Warmer-than-normal sea surface and subsurface
temperatures were observed throughout most of the equatorial Pacific during April 2002.
Sea surface temperature anomalies were up to 2°C warmer than average in the region
between the Galapagos Islands and the South American coast, and greater than 1°C warmer
than average immediately to the west of 180°W (Fig. 1).
Although there was considerable warming in the eastern equatorial Pacific during
February-April, which resulted in locally heavy rainfall along the coasts of Ecuador and
northern Peru, there was little change in SSTs or subsurface temperature anomalies in
regions father west during this period. Consistent with this lack of evolution in the
central equatorial Pacific, atmospheric indices for low-level winds, sea level pressure
(SOI) and precipitation (OLR) continue to indicate near-normal conditions.
The Madden-Julian Oscillation (MJO) is an important source of variability that can
contribute to a more rapid evolution toward El Niņo through related fluctuations in
low-level winds and precipitation over the western and central equatorial Pacific. An
eastward-propagating oceanic Kelvin wave, initiated by strong MJO activity in late 2001,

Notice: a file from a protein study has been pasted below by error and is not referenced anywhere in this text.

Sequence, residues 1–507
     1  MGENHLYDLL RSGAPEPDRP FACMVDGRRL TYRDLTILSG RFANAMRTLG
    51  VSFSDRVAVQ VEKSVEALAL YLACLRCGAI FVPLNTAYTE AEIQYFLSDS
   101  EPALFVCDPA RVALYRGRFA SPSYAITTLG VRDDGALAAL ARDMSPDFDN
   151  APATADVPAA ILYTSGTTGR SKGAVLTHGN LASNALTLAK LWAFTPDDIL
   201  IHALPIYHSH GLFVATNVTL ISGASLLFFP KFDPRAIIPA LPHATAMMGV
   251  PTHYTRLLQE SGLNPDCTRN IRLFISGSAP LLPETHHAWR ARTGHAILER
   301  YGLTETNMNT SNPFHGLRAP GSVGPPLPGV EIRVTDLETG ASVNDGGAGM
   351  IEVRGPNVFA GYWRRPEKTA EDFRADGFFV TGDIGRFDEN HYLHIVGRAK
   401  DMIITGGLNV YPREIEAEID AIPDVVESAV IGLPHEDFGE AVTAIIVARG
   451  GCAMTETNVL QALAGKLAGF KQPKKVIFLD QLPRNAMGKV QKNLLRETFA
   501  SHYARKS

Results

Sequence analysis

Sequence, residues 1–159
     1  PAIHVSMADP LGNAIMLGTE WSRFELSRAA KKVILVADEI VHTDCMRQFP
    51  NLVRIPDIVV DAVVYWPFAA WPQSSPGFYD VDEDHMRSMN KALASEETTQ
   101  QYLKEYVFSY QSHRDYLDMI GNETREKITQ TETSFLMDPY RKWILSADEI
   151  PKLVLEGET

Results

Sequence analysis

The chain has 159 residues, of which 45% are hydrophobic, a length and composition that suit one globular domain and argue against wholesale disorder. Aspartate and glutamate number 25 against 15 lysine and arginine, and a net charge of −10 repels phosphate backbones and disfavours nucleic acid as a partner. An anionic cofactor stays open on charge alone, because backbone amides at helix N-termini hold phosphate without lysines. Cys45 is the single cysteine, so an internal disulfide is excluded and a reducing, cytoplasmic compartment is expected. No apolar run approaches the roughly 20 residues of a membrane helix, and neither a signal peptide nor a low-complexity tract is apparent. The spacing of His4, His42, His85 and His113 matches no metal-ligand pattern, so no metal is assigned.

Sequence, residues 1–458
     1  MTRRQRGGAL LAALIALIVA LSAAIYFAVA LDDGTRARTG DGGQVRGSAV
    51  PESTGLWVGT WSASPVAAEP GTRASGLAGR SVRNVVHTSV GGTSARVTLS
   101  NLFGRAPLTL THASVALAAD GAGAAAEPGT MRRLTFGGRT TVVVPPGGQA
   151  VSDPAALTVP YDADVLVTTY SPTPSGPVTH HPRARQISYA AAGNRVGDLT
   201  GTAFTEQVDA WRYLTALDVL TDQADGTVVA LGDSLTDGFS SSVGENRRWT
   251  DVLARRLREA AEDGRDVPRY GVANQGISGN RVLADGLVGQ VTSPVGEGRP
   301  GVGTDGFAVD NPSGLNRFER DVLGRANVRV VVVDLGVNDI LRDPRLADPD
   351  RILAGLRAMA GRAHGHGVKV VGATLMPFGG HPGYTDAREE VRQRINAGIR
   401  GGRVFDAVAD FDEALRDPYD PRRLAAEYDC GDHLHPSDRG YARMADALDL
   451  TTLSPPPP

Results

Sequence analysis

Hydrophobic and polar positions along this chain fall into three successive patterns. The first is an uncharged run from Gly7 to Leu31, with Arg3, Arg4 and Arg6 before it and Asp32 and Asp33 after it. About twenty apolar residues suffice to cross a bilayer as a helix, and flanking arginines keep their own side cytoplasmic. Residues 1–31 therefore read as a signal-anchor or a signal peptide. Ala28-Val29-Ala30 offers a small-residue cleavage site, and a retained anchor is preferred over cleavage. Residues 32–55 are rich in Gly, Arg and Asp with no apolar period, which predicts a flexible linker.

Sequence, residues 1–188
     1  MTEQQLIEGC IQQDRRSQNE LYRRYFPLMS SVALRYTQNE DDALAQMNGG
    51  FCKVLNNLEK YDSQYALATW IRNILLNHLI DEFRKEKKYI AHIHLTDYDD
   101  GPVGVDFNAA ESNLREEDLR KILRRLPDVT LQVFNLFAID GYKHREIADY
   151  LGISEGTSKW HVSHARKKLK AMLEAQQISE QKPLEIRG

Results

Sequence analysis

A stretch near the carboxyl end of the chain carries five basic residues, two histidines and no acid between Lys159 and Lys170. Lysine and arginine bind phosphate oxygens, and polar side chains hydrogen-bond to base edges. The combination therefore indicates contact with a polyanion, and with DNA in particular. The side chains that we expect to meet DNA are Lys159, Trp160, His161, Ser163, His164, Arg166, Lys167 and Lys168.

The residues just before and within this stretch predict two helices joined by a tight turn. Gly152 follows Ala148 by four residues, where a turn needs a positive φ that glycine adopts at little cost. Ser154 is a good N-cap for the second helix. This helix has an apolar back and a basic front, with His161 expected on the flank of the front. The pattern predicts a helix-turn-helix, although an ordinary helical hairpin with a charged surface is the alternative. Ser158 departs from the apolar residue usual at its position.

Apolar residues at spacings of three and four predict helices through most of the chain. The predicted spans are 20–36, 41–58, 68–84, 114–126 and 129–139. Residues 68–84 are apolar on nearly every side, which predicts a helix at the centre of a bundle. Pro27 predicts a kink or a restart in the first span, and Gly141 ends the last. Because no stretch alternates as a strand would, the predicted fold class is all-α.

resulted in the rapid warming that was observed along the coasts of Ecuador and northern
Peru in early February. Since that time MJO activity has weakened and there has been no
additional significant Kelvin wave activity. Without such activity a slow evolution
towards El Niņo conditions is possible through the remainder of 2002.
This assessment agrees well with several coupled model and statistical forecasts, which
indicate a gradual warming over the next several months with weak-to-moderate El Niņo
conditions by the end of 2002. It is important to add that a weak or moderate El Niņo
would feature considerably weaker global impacts than were experienced during the very
strong 1997-98 El Niņo.
This discussion is a team effort of NOAA and its
funded institutions. Updates of SST, 850-hPa wind, OLR and the equatorial subsurface
temperature structure are available on the Climate Prediction Center web page at
http://www.cpc.ncep.noaa.gov (Weekly Update). Forecasts for the evolution of
El Niņo/La Niņa are updated monthly in CPC's Climate Diagnostics Bulletin Forecast Forum. To receive
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